RI Mosquito Report: No West Nile Virus (WNV) Or EEE Findings; The Asian Tiger Mosquito Will Re-Emerge With Recent Rain

Published on Tuesday, August 30, 2022

PROVIDENCE, RI – The Department of Environmental Management (DEM) today announced that the most recent round of mosquito testing by Rhode Island Department of Health (RIDOH) State Health Laboratories has confirmed no new positive findings of West Nile Virus (WNV) or Eastern Equine Encephalitis (EEE). DEM collected 87 samples of mosquitoes from 37 traps set statewide during the week of Aug. 14. Results from mosquitoes collected during the week of Aug. 22 are pending. The state confirmed its first EEE and WNV findings of 2022 on Aug. 17.

To date, Connecticut has reported 114 positive WNV samples but no WNV human or animal cases, and no EEE in mosquitoes, humans, or animals. Massachusetts reports 54 positive WNV samples and one human case and no EEE in mosquitoes, humans, or animals. Positive detections are expected at this time because mosquito-borne diseases become more prevalent as the summer season progresses. WNV is much more prevalent than EEE. It became established in North America following its introduction in 1999 and will become more prevalent as the season progresses, so DEM and the RIDOH advise residents to reduce their exposure to mosquitoes until the first hard frost. (A hard frost is when the air and the ground freeze below 32°F for three hours or below 28°F for two hours.)

DEM and RIDOH advise that the rainfall experienced in many parts of Rhode Island last week will likely have caused dormant mosquito eggs to hatch, so numbers of the Asian tiger mosquito will rise. This species became prevalent in Rhode Island urban environments in 2021. It is notable as a daytime biter encountered in shaded backyards. It has a striking black and white pattern evident to the naked eye. It develops from eggs laid in artificial containers, so residents are urged to remove standing water from containers such as buckets, pots, wheelbarrows, boats, and pools. Clogged rain gutters and puddles formed on tarps also can support the larvae of this species. The Asian tiger mosquito is known to transmit several diseases, including WNV.

Personal protection is the first line of defense against mosquitoes that may carry WNV, EEE, or other diseases – and the most effective way to avoid infection. With WNV established in the state, residents are reminded to eliminate mosquito breeding grounds and prevent being bitten, whenever possible. The following precautions are advised.

Protect yourself

  • Put screens on windows and doors. Fix screens that are loose or have holes.
  • At sunrise and sundown (when mosquitoes that carry EEE are most active), consider rescheduling outdoor activities that occur during evening or early morning. If you must be outside, wear long-sleeved shirts and long pants and use bug spray.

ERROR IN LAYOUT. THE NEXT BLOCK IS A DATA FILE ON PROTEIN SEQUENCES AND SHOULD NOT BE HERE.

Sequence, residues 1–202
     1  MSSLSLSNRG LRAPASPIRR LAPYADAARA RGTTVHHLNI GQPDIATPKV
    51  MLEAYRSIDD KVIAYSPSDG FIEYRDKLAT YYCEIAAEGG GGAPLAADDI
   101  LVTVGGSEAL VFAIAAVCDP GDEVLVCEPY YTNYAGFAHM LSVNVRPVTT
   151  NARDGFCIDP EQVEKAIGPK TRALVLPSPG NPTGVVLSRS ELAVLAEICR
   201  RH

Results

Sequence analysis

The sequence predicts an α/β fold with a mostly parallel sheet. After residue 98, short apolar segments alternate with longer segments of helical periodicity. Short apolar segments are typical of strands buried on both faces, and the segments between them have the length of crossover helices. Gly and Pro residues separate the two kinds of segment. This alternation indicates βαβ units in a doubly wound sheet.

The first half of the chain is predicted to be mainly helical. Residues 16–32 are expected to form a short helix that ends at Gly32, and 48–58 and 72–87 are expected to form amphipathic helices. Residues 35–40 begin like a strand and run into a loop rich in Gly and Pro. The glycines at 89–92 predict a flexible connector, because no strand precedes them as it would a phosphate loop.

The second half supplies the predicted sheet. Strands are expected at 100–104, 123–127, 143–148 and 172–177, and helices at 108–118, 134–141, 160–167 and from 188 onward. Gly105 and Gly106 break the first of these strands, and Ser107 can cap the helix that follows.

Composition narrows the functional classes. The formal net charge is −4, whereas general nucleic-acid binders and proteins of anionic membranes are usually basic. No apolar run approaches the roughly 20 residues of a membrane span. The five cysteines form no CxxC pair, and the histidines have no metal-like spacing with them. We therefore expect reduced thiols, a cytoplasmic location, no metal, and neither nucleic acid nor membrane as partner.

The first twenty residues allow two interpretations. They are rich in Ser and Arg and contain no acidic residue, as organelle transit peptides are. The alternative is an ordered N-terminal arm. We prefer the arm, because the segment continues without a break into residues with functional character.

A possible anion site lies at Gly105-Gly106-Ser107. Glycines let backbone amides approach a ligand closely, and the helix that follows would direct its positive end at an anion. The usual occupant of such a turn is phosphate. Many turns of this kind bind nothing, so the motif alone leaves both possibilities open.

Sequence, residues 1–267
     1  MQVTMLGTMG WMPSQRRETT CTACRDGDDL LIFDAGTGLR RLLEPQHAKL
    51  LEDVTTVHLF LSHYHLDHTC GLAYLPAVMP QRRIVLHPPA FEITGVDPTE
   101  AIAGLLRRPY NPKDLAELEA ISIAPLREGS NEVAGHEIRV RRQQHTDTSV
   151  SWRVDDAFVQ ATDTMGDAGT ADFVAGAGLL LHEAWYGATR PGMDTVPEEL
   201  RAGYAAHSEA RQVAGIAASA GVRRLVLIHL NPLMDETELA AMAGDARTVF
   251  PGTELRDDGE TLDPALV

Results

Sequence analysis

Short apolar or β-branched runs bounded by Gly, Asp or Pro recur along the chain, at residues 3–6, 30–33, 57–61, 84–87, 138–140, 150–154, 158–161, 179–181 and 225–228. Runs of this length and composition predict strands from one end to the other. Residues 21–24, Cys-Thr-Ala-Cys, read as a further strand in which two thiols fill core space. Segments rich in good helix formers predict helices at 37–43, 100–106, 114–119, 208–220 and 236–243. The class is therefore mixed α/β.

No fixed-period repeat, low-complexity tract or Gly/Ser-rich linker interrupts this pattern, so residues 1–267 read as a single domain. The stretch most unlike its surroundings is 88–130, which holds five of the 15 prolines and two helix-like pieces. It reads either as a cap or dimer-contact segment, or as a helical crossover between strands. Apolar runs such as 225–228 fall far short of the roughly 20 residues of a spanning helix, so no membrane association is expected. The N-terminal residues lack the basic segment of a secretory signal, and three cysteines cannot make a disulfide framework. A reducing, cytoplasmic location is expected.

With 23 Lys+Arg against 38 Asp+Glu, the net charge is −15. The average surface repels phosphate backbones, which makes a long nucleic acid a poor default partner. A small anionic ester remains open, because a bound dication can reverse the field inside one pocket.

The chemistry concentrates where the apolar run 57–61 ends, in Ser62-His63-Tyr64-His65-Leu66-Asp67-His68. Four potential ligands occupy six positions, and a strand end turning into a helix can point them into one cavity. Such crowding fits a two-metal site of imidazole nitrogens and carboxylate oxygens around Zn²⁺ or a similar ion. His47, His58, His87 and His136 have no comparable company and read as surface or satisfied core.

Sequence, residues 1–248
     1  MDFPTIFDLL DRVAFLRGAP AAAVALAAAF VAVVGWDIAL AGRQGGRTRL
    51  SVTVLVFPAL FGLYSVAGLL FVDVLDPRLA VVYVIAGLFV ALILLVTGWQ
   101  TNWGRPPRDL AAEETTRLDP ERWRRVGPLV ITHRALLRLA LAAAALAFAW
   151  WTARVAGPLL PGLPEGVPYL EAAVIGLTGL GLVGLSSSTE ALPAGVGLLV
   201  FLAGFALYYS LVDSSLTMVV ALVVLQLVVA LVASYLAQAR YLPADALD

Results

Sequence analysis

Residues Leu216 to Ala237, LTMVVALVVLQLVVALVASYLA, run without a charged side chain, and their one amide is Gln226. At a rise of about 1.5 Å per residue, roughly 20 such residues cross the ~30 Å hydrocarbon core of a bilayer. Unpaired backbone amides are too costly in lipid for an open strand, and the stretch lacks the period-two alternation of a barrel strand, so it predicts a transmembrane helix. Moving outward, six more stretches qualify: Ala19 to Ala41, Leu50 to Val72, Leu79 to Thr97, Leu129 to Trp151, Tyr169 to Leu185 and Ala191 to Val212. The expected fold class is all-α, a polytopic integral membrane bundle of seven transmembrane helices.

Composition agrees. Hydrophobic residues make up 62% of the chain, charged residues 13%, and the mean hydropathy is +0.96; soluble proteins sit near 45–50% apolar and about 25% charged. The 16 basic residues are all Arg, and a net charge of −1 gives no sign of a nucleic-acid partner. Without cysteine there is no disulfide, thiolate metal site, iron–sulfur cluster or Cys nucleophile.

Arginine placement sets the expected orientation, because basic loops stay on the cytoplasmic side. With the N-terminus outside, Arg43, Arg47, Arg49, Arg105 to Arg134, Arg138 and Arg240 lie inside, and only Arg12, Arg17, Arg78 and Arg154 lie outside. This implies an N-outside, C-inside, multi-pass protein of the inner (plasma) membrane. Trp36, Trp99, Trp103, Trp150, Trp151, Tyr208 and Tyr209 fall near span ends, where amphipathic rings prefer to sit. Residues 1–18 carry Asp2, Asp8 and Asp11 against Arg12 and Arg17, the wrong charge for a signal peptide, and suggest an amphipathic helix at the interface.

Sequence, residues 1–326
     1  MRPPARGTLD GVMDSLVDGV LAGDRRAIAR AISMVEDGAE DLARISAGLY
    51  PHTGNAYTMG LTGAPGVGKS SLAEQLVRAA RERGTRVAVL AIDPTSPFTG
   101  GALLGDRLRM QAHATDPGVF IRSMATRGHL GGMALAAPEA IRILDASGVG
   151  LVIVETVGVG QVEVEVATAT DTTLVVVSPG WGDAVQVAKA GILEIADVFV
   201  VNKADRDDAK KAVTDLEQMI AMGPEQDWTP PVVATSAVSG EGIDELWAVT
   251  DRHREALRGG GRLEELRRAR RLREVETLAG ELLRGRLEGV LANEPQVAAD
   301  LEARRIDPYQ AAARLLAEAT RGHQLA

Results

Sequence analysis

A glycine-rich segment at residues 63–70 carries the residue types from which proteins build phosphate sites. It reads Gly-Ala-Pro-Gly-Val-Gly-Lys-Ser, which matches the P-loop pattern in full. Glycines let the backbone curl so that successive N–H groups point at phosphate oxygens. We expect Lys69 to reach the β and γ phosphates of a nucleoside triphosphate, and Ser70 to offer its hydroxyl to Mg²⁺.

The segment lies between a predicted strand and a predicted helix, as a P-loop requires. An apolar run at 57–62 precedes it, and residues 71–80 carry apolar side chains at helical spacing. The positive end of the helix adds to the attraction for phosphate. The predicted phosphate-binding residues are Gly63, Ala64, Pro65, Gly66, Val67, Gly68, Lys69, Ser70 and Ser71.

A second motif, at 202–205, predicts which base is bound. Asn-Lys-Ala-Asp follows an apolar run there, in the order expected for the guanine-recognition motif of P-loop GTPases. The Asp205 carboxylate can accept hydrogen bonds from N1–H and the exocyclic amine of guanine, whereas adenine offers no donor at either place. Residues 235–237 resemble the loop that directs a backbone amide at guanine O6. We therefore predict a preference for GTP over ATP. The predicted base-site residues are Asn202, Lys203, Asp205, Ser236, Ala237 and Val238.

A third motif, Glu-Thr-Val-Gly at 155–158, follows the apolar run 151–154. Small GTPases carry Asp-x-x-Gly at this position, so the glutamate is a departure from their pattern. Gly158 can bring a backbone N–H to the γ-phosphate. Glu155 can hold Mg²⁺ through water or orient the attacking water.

• Use EPA-approved bug spray with one of the following active ingredients: DEET (20-30% strength); picaridin, IR3535; and oil of lemon eucalyptus or paramenthane. Always read the label and follow all directions and precautions.
  • Do not use bug spray with DEET on infants under two months of age. Children should be careful not to rub their eyes after bug spray has been applied on their skin. Wash children’s hands with soap and water to remove any bug spray when they return indoors.
  • Put mosquito netting over playpens and baby carriages.


Remove mosquito breeding grounds

  • Remove items around your house and yard that collect water. Just one cup of water can produce hundreds of mosquitoes; an unused tire containing water can produce thousands of mosquitoes.
  • Clean your gutters and downspouts so that they can drain properly.
  • Remove any water from unused swimming pools, wading pools, boats, planters, trash and recycling bins, tires, and anything else that collects water, and cover them.
  • Remove or treat any shallow water that can accumulate on top of a pool cover. Larvicide treatments, such as Mosquito Dunks can be applied to kill immature mosquitoes. This environmentally friendly product is available at many hardware and garden stores and online.
  • Clean and change water in birdbaths at least once a week.

Best practices for horse owners

Horses are particularly susceptible to WNV and EEE. Horse owners are advised to vaccinate their animals early in the season and practice the following:

  • Remove or cover areas where standing water can collect.
  • Avoid putting animals outside at dawn, dusk, or during the night when mosquitoes are most active.
  • Insect-proof facilities where possible and use approved repellents frequently.
  • Monitor animals for symptoms of fever and/or neurological signs (such as stumbling, moodiness, loss of appetite) and report all suspicious cases to a veterinarian immediately. If you are unsure if your horse is properly vaccinated, you should consult with your veterinarian.

Visit health.ri.gov/mosquito for additional mosquito prevention tips, videos, and local data. Mosquitoes are trapped weekly by DEM and tested at the RIDOH State Health Laboratories. DEM issues advisories on test results from June through September, with additional reports as necessary. Typically, positive test results trigger additional trapping to assess risk. 

For more information on DEM programs and initiatives, visit www.dem.ri.gov. Follow DEM on Facebook, Twitter (@RhodeIslandDEM), or Instagram (@rhodeisland.dem) for timely updates.

 

 

 

Asian Tiger Mosquito
Striking but dangerous, the Asian tiger mosquito has become prevalent in Rhode Island and state agencies urge the public to protect themselves from this daytime biter. Susan Ellis photo
A warning sign at Great Swamp Management Area in West Kingston
A warning sign at Great Swamp Management Area in West Kingston
Press Release Topics